which OLED tv is best | allbesthome reviews

by | Dec 29, 2020 | Uncategorized | 0 comments

An LG OLED TV mounted on a wall in the living room
Photo: LG

Our choice



The LG CX produces stunning 4K HDR images and works just as well as advanced OLED TVs at a significantly lower price.

That LG CX is our choice for the best OLED TV in 2020 because it offers an excellent picture and the most future-proof range of features at a lower price than you would pay for competing OLED TVs. The CX delivers the same picture quality as LG’s advanced 4K OLED TV and differs only in sound and styling options, making it the best overall value in the company’s OLED lineup. The CX supports all of the leading high dynamic range standards (including Dolby Vision), and it looks great with both high-definition and standard-definition video. Even video files that require the most accurate image will be won by the LG CX and its huge range of calibration options, but thanks to the new Film producer mode, which automatically adjusts the TV settings to the best movie options, you may not have to pay for that calibration.

For our tests, we used Film Producer Mode, which accurately measured for SDR and HDR video right out of the box. CX produced the best images of any TV we tested, displaying bright, detailed images with vivid colors that looked amazing. Although Film Producer Mode was very accurate, we still calibrated the CX, which has more advanced calibration control than any other TV we’ve tested. This calibration process took the TV from having error levels that were invisible to the eye to having error levels that were even more invisible to the eye – in other words, the effort made to see nicer scorecards in Calman software we used, but it’s not something you have to do.

Placed side by side with our favorite LCD TV, CX OLED produced an image that offered superior contrast and viewing angles, and it was our clear favorite. Black areas of the picture looked completely black without the shadow breaking, we watched some older OLED TVs. (Shadow crushing occurs where dark details that are supposed to vary in darkness appear as a solid black block.) In addition, 4K material seemed sharp and vivid, and HDR content looked great with highlights popping out of the screen. We measured almost 750 nits of brightness on our 65-inch walk-through, and the CX’s wide color gamut supports it to display colors that other TVs are unable to create. The end result is an amazing, true picture that is a noticeable step above what even the most efficient LCD TVs are capable of producing.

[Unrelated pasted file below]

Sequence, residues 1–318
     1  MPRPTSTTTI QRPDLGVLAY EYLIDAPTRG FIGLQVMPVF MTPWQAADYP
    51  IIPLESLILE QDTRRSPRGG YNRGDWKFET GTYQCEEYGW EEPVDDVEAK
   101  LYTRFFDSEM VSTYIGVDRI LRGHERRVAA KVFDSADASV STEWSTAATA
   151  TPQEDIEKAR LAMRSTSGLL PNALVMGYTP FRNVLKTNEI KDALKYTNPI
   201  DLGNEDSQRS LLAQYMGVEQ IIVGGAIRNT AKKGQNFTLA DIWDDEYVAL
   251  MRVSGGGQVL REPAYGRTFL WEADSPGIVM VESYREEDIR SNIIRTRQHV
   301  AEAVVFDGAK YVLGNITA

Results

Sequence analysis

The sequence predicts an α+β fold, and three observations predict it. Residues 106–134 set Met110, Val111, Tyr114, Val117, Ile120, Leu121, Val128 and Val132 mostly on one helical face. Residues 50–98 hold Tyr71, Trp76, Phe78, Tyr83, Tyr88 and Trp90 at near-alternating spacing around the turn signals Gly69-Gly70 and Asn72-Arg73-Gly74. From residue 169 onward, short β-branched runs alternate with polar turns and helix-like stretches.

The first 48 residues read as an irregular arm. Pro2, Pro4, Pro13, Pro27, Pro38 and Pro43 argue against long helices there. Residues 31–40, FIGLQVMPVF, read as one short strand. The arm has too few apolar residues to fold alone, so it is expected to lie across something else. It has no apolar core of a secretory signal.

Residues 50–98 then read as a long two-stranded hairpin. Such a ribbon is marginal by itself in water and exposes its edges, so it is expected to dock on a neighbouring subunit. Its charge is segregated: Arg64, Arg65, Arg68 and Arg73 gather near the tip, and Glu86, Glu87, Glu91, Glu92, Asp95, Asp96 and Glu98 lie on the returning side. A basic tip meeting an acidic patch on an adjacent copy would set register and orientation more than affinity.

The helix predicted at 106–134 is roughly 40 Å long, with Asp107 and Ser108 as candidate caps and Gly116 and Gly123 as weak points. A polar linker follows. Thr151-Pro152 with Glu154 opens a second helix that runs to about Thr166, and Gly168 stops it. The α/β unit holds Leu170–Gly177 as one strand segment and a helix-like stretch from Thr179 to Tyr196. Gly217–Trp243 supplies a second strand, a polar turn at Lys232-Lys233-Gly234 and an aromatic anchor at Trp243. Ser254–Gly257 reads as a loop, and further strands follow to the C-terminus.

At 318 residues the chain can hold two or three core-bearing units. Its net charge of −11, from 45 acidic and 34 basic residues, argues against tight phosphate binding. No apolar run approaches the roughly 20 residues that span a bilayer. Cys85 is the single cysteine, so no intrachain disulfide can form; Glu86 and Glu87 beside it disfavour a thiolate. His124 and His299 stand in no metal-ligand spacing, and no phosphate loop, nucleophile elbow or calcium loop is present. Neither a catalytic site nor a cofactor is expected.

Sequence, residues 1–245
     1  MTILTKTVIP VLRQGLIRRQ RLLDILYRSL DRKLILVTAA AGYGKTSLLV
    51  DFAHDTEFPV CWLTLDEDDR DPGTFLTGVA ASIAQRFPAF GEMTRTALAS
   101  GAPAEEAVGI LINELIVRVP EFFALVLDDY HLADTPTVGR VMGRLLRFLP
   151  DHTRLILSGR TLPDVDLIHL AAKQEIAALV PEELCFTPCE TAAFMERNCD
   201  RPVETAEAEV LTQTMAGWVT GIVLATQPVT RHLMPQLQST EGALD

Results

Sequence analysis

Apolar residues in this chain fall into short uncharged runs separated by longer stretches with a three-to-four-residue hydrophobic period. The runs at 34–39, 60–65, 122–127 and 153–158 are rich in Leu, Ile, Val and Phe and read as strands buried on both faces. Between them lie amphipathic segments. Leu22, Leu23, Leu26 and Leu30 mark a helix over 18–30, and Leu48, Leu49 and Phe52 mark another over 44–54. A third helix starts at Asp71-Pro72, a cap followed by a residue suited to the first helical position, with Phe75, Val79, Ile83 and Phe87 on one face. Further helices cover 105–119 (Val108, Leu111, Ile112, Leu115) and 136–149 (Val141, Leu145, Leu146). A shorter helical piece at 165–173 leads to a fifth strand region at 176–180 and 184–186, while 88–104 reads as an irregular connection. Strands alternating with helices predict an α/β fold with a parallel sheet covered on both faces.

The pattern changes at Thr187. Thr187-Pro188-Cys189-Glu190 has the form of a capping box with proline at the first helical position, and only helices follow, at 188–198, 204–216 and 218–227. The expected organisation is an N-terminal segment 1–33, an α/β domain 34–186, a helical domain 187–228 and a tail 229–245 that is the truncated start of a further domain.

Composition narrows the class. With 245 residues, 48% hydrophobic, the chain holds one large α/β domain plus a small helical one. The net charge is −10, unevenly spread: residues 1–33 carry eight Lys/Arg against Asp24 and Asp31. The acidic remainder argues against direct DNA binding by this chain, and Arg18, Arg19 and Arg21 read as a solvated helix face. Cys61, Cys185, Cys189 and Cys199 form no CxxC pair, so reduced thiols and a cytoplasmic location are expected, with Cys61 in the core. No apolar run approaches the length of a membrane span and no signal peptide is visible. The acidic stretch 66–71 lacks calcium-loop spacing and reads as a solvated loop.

Someone who has an LG TV remote control
LG’s Magic Remote supports both voice and motion control. Photo: Chris Heinonen

LG currently supports Dolby Vision, HDR10, Technicolor, HGiG and HLG HDR standards. The only format it does not support is HDR10 +, but that is not important as all HDR10 + content is also available in either HDR10 or Dolby Vision. And because the HDR10 + offers the most performance gains on TVs with maximum brightness below 500 nits, it would not benefit the much brighter picture of this LG model. LG also uses a more common Dolby Vision profile than Sony does on its OLED TVs; As a result, some Dolby Vision source devices only work with LG models and not Sony models. HGiG is an HDR mode designed to work with video game consoles; Xbox One X currently supports it, and future consoles should too. The goal of HGiG is to ensure that all details of HDR games are visible without broken highlights or shadows.

The CX has a 120 Hz refresh rate for smoother, cleaner motion. This year, LG has improved its black-frame insertion mode, which is designed to reduce motion blur to include multiple levels. The low, medium, and high settings adjust the time the black frames appear between video images, with longer periods that increase motion clarity but decrease light output. In our test, when we watched sports, the low mode worked wonderfully, and the image remained bright enough to easily enjoy it, showing an insignificant change in overall brightness. The medium and high settings began to make the image darker than we preferred; some people will probably notice flicker at these speeds. An automatic mode switches between low and medium depending on the content, as it tries to balance light output and readiness of movement. You can also enable this mode for HDR video, but as it affects the brightness of the image, we do not recommend it.